In this paper, we present a method for jointly-learning a microphone selection mechanism and a speech enhancement network for multi-channel speech enhancement with an ad-hoc microphone array. The attention-based microphone selection mechanism is trained to reduce communication-costs through a penalty term which represents a task-performance/ communication-cost trade-off. While working within the trade-off, our method can intelligently stream from more microphones in lower SNR scenes and fewer microphones in higher SNR scenes. We evaluate the model in complex echoic acoustic scenes with moving sources and show that it matches the performance of models that stream from a fixed number of microphones while reducing communication costs.
Motivated by the fact that in a multi-channel scenarios not all microphones will be required to achieve good performance. So, we can reduce complexity by only processing data from a subset of devices. We construct a toy scene below where a speech source moves through an ad-hoc array.
However, selection is not a differentiable operation making it difficult to use with a neural network. To get around this we formulate the Adaptive Compute Time RNN originally proposed by Alex Graves. Our reformulation iteratively requests new data in addition to updating it’s hidden state. We show the original Adaptive Compute Unit on the top in blue and our modification below in yellow.
Using this adaptive request unit, we can run a speech enhancement model on an ad-hoc microphone array and adaptively decide how many microphones to stream from. Below, we depict the model at particular time step after having processed three microphones. The attention unit aggregates all information from the requested microphones and the scoring unit produces a value which we compare to a budget. If the value is within the budget then another microphone is requested. Otherwise, the model ceases requesting and moves on to the next point in time. The model is encouraged to request fewer microphones by minimizing the remainder, r. Minimizing this remainder maximizes the scores assigned to all previous sensors which encourages the model to exhaust it’s budget sooner.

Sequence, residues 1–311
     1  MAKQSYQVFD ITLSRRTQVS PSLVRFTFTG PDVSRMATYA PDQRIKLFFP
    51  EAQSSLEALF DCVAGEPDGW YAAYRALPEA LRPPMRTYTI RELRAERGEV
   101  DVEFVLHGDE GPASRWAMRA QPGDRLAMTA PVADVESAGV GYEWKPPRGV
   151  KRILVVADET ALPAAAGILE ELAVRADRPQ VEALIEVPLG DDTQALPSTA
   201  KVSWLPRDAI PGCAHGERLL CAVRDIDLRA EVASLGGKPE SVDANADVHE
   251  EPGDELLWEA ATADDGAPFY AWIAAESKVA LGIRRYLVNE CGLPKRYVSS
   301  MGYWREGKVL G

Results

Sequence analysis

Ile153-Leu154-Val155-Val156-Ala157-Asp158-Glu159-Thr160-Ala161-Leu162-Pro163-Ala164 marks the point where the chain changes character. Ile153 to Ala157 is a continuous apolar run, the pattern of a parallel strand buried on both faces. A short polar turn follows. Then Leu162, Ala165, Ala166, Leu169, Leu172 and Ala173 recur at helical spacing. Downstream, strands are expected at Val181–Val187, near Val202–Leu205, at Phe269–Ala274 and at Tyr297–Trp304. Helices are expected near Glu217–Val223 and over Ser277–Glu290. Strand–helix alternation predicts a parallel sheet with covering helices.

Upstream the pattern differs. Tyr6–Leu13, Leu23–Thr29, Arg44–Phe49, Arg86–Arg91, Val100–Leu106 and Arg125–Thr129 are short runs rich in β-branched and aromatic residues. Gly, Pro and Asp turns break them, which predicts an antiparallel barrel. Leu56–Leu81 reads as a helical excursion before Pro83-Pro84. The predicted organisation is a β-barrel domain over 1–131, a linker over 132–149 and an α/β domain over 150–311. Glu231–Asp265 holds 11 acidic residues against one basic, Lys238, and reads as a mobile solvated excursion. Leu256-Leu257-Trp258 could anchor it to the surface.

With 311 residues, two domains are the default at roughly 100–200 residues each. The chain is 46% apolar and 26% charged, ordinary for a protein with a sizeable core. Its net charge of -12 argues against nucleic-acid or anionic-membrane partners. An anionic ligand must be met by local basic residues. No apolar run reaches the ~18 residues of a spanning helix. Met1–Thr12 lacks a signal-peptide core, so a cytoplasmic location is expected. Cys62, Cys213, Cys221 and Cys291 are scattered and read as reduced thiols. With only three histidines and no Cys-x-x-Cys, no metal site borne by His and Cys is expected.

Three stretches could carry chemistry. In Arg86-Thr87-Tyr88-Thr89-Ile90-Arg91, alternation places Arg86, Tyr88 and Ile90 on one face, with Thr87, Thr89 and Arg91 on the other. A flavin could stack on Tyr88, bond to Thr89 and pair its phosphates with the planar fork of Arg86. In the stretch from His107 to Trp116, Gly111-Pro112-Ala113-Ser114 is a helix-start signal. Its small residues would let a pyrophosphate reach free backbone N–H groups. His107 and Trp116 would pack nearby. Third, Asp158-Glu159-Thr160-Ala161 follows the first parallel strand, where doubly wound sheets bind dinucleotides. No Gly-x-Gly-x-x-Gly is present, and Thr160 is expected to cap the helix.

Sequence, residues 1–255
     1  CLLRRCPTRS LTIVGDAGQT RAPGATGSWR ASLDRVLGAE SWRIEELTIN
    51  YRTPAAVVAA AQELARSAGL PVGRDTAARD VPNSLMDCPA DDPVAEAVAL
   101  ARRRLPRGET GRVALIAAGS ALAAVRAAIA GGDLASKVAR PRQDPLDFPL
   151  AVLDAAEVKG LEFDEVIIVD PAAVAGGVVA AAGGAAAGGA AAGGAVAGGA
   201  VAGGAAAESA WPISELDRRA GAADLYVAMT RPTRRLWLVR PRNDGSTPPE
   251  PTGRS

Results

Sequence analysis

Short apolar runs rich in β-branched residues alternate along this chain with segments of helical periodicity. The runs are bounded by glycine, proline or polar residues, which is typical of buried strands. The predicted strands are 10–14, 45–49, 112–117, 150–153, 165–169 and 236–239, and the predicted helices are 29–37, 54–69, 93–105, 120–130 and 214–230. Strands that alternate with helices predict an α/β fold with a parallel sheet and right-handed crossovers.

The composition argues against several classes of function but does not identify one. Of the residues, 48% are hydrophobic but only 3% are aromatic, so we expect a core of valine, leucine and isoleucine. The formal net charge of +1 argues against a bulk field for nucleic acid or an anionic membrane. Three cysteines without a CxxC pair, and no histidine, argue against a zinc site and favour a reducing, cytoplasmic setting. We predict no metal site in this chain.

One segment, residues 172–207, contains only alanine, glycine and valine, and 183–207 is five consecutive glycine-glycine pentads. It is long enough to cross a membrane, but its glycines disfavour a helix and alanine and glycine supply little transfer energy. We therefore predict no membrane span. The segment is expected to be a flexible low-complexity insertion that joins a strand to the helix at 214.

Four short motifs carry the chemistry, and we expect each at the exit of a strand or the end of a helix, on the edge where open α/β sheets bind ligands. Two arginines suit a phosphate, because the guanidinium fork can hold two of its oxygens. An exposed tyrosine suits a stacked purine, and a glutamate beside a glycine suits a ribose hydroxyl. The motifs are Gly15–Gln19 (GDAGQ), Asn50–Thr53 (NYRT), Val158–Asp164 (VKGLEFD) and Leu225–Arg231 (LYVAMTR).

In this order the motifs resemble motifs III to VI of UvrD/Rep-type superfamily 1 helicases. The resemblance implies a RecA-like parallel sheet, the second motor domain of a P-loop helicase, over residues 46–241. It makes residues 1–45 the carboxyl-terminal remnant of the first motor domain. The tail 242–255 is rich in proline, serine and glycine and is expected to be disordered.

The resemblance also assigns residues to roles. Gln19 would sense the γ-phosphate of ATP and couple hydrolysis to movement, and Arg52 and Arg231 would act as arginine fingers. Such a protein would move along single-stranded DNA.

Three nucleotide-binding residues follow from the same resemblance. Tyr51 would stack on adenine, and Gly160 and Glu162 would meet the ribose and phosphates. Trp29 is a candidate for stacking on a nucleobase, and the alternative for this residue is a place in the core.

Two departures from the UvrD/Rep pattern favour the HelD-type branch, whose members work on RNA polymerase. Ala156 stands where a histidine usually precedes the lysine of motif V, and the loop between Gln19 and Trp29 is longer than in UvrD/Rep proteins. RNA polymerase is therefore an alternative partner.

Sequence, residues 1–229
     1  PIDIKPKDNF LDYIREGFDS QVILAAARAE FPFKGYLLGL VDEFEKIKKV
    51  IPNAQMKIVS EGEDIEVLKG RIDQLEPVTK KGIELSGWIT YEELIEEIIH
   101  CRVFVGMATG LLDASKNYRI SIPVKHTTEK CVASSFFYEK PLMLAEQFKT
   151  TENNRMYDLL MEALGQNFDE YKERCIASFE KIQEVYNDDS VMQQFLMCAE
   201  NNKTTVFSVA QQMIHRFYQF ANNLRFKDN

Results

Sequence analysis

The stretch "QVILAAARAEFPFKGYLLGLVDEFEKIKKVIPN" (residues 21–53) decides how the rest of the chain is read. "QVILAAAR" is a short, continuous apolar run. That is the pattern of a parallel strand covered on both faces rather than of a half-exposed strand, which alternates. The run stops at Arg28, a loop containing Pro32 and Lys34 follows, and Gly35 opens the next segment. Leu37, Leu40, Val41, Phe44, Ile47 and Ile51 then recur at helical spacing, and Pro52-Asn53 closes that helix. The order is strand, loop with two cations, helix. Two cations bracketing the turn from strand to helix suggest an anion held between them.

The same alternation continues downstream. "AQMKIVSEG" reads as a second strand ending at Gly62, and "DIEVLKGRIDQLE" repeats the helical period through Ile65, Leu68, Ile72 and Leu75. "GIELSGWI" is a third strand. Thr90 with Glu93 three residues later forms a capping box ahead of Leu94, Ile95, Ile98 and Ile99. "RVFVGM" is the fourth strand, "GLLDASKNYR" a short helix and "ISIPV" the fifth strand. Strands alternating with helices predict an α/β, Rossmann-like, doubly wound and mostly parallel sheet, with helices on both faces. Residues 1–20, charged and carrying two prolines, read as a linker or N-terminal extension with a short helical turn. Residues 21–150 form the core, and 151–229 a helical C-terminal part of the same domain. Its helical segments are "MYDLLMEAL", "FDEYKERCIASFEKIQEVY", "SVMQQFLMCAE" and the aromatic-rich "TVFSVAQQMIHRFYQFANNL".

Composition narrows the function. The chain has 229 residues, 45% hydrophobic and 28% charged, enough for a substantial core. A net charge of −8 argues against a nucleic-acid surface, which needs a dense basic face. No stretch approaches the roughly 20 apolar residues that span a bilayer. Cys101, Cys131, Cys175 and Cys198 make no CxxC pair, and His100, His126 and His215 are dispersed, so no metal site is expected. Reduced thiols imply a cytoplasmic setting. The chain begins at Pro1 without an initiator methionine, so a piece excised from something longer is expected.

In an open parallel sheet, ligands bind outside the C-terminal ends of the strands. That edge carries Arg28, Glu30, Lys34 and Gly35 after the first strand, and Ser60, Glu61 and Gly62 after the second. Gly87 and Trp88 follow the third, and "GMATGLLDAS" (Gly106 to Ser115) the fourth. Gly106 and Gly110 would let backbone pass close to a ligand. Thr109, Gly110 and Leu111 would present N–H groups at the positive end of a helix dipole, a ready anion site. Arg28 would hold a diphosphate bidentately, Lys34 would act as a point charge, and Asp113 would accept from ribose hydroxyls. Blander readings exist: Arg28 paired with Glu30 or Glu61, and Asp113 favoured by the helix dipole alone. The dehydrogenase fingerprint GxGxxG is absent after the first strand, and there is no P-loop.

The full model is made up of a multi-channel encoding stage, a request and aggregation stage, and a single channel decoding stage. The pipeline is shown in the model figure above. We tested this model in simulated echoic rooms with moving noises and source like the one shown above.
The novelty of our method is two-fold. First, using a learning-based mechanism for microphone selection and second, learning that mechanism jointly with the enhancement network. We think there are many potential applications for these adaptive request units and hope to continue investigating them. Below are some randomly selected enhancement results from the trained network.
Randomly Selected Demos
|Random Scene 1||Random Scene 2|